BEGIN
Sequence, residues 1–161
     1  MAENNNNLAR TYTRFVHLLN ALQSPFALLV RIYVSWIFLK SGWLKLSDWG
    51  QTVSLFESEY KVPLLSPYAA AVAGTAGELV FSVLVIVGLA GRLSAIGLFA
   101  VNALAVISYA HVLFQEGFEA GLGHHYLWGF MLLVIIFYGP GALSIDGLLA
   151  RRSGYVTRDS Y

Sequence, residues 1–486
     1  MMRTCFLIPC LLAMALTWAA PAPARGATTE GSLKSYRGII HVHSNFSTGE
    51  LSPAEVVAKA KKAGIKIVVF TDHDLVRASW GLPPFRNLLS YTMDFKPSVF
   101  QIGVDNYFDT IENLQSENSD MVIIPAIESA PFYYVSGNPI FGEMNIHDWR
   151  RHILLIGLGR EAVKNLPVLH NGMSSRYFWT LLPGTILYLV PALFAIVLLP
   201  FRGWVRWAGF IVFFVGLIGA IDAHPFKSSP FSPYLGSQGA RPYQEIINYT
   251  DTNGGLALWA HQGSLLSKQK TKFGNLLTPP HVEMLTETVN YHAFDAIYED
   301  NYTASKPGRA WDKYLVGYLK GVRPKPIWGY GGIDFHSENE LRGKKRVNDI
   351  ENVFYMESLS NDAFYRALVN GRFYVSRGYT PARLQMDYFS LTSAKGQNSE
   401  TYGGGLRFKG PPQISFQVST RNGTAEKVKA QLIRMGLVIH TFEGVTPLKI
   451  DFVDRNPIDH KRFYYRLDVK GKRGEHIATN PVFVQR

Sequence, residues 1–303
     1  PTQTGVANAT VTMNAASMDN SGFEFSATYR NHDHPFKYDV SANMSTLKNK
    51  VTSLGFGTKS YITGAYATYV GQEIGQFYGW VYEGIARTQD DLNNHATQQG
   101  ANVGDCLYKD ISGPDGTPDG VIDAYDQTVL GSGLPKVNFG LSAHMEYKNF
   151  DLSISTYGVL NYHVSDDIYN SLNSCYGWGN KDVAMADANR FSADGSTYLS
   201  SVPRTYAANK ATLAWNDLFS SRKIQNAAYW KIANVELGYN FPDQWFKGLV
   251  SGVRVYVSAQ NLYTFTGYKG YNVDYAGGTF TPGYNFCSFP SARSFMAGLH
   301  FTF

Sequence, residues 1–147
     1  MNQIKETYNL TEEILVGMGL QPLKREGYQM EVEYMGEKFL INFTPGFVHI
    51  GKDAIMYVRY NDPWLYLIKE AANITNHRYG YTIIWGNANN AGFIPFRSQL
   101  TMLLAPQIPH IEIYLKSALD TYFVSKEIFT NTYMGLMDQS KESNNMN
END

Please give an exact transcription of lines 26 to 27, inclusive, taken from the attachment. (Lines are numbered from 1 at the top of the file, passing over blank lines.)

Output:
     1  MNQIKETYNL TEEILVGMGL QPLKREGYQM EVEYMGEKFL INFTPGFVHI
    51  GKDAIMYVRY NDPWLYLIKE AANITNHRYG YTIIWGNANN AGFIPFRSQL